One of the common challenges facing us worship leaders is the issue of time. Very often our services are crammed with other things; offering, announcements, communion, sermon, baby dedications, baptisms… baby baptisms (two for one!). When a service is filled with other great elements, the first thing to go is usually the amount of time alloted for congregational worship through song (which I will henceforth call “singing”). So the question for us worship leaders becomes “How can I get the congregation from point A to point B emotionally in a short amount of time?”.
A couple of weeks ago I led a short 15 minute set that I think accomplished just that. I was actually quite proud of it. Here it is:
God of Wonders
Let My Words Be Few (Redman)
This is why I feel like it worked:
1. The songs were familiar – the age group was 40 something, but they weren’t recently overdone songs so there was a bit of a freshness to it.
2. There was a specific thematic thread that progressed through the set. What I mean by “progressed” is that the idea was developed and there was a destination that was reached. Sometimes when we as worship leaders work with themes we get stuck on the word and neglect the journey (ie. if the theme is “grace” we do songs that mention grace, which is fine but then by the end of the set all you’ve done is said the word grace a lot and in different ways and then I’m kinda numb to the word by the time the pastor gets up to speak). But, in this case I started with Still as a call to “be still and know” the God who is King over the storm and the flood. And then I went from there to God of Wonders which used grand words of praise (hallelujah, holy, etc) to praise a very large and “galactic” God. I then brought the focus “down to earth” so to speak with Majestic, continuing to praise and worship God for the creation around us (I also accidently said something about “praising creation” instead of “praising God for creation” and then made a crack about my pagan ways). Then I took a sharp turn, as a response to all of this grandeur surrounding our very big God and “let my words be few” which felt like a really appropriate response.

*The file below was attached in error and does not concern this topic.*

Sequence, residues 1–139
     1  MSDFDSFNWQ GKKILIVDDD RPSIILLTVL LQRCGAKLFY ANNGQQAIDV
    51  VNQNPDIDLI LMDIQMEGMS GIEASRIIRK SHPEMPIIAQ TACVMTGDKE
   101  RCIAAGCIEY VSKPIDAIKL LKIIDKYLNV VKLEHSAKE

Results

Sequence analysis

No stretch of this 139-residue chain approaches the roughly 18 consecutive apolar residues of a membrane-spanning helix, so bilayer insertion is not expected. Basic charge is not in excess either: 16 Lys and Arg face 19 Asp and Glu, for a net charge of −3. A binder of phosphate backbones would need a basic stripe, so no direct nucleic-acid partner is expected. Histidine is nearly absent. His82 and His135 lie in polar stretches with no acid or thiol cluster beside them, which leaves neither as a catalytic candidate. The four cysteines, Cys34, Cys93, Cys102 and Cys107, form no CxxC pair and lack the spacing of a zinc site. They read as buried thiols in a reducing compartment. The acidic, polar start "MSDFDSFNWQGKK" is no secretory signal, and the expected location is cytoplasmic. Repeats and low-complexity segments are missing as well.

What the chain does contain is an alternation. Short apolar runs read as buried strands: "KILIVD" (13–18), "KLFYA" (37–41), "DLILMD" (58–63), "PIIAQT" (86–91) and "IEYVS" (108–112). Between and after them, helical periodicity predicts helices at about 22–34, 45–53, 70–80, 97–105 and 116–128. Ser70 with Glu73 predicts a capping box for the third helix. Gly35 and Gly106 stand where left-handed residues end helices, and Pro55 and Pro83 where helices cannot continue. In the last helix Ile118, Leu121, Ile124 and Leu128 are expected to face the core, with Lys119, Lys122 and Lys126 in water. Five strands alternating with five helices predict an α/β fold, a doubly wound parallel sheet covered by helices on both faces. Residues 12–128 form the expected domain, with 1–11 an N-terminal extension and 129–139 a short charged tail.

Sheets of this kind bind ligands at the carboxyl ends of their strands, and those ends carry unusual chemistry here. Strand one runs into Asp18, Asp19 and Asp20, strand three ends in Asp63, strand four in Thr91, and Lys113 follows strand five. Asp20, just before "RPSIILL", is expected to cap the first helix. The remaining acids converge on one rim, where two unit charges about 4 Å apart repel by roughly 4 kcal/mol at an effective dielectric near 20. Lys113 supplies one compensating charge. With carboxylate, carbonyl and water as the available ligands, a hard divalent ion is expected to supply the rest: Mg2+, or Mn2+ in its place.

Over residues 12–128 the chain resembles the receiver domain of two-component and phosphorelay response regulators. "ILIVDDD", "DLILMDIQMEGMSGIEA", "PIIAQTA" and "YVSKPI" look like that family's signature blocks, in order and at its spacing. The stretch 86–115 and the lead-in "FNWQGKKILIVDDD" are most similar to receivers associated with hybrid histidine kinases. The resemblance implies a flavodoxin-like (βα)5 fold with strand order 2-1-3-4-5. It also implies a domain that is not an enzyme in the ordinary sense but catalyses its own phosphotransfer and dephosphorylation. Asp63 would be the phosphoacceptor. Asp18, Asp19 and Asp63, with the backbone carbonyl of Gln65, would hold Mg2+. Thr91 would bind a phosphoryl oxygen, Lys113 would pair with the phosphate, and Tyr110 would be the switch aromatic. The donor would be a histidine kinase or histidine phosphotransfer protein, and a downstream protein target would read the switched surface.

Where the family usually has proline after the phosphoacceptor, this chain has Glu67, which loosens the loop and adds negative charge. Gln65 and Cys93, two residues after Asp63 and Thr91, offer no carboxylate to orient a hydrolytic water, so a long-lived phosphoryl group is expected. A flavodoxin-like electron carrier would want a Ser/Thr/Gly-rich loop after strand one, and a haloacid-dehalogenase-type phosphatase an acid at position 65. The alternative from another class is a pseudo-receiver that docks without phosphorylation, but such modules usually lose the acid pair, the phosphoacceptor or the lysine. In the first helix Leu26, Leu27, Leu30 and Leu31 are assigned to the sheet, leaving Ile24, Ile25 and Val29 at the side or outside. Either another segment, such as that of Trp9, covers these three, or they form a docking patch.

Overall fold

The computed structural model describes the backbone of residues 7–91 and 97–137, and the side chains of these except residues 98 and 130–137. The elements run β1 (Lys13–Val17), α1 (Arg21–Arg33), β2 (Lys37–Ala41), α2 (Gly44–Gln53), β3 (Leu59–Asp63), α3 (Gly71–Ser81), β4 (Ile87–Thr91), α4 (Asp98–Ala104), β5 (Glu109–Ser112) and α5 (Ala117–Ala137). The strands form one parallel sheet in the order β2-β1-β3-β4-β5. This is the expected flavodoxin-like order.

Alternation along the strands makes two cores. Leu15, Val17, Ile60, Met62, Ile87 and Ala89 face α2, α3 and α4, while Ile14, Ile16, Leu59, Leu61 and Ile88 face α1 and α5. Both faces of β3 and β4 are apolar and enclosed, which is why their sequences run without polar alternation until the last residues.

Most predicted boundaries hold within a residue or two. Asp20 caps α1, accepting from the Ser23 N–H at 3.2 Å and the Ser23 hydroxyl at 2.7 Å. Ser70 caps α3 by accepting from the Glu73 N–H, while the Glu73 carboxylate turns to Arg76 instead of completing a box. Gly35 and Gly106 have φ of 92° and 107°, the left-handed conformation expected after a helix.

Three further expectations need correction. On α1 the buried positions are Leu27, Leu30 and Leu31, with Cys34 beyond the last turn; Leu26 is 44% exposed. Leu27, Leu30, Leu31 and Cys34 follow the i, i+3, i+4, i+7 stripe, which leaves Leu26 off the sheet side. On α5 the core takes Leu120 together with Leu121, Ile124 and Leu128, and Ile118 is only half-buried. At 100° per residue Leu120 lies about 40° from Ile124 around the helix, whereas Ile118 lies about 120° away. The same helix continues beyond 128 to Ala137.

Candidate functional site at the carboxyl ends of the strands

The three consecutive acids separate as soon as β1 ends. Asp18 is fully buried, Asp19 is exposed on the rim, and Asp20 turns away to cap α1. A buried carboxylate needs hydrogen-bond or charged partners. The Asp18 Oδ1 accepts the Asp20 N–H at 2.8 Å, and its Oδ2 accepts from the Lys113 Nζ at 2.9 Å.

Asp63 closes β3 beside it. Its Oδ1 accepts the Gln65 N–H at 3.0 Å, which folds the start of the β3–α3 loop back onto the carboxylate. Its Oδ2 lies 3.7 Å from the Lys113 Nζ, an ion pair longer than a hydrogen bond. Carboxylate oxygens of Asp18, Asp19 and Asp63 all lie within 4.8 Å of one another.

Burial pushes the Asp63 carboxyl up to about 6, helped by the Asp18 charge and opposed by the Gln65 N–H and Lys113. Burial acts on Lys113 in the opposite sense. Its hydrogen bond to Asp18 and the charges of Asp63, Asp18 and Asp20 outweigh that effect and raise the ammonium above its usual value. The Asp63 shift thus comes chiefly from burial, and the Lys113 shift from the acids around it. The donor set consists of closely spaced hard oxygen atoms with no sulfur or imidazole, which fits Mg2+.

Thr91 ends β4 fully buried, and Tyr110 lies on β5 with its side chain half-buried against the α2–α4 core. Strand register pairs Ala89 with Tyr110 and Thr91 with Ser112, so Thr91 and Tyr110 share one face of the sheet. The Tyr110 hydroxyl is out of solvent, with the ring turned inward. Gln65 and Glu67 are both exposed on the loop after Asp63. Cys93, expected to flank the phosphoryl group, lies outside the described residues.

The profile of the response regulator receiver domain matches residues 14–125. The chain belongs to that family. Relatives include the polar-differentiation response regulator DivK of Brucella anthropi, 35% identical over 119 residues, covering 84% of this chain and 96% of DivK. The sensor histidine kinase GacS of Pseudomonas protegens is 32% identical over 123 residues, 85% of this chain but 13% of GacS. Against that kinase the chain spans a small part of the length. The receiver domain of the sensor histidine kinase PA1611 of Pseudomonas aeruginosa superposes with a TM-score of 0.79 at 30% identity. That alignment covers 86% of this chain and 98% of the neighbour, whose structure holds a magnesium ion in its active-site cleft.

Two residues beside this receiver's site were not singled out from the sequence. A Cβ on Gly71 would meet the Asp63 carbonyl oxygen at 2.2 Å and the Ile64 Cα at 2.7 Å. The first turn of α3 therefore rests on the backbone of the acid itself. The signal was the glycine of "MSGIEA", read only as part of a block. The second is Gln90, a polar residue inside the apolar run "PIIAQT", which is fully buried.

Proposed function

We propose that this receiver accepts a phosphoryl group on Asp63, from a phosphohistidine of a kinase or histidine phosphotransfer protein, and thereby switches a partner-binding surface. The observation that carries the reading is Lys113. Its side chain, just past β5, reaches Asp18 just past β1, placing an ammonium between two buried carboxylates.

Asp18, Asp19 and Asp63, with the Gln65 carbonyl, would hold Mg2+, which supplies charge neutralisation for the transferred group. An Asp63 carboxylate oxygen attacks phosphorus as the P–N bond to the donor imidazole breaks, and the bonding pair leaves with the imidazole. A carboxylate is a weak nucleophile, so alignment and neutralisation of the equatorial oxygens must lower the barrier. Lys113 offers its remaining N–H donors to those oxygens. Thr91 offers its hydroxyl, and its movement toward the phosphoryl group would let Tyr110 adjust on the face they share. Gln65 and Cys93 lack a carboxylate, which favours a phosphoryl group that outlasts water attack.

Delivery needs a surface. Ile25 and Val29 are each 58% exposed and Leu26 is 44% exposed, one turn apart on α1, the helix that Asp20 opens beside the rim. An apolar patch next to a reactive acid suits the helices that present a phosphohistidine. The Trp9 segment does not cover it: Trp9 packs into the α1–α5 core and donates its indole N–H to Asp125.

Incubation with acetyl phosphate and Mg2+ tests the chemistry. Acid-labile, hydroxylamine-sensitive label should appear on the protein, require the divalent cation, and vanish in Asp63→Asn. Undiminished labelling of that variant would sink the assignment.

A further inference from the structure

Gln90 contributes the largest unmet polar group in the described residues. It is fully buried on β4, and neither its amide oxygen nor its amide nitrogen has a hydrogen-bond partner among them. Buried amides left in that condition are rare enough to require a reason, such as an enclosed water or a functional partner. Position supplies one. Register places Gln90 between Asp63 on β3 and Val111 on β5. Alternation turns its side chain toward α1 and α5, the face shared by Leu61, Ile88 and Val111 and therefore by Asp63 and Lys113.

3. Musically, it flowed really well, though not in the usual “start-big-and-then-funnel-down-into-the-quiet-moment” way. Dynamically there were some sharp turns, but that helped keep people engaged because they didn’t know what to expect. I think we sometimes get too formulaic in the “start big, funnel down” thing. One of the things that I notice when I go to see concerts or listen to a really great album is how they pace the “experience”. Rarely will an album (or concert) follow the “start big, funnel down” pattern; they will almost always mix it up; break up the different moods. Good albums and concerts take you on an emotional journey through the highs and lows of life and, as the audience, you never really know what’s next (much like life). We often don’t like to mix up the fast and slow songs like that because we are afraid that we’ll lose the congregation; that they’ll disengage, but I have found that the opposite can be true… if you do it thoughtfully and skillfully. Sometimes variation is the best gift we can give our congregations.
You might have heard the old adage “familiarity breeds contempt”. Basically it is the idea that the more you know someone, the more likely you are to find fault with them. I think the same can be true with how we structure our worship experiences – although in this case I would say “familiarity breeds complacency”. The more predictable we become in our planning, the harder it will be for us to take people with us as we journey to the throne of God.
So, yeah… it was a really great time. 15 minutes well spent.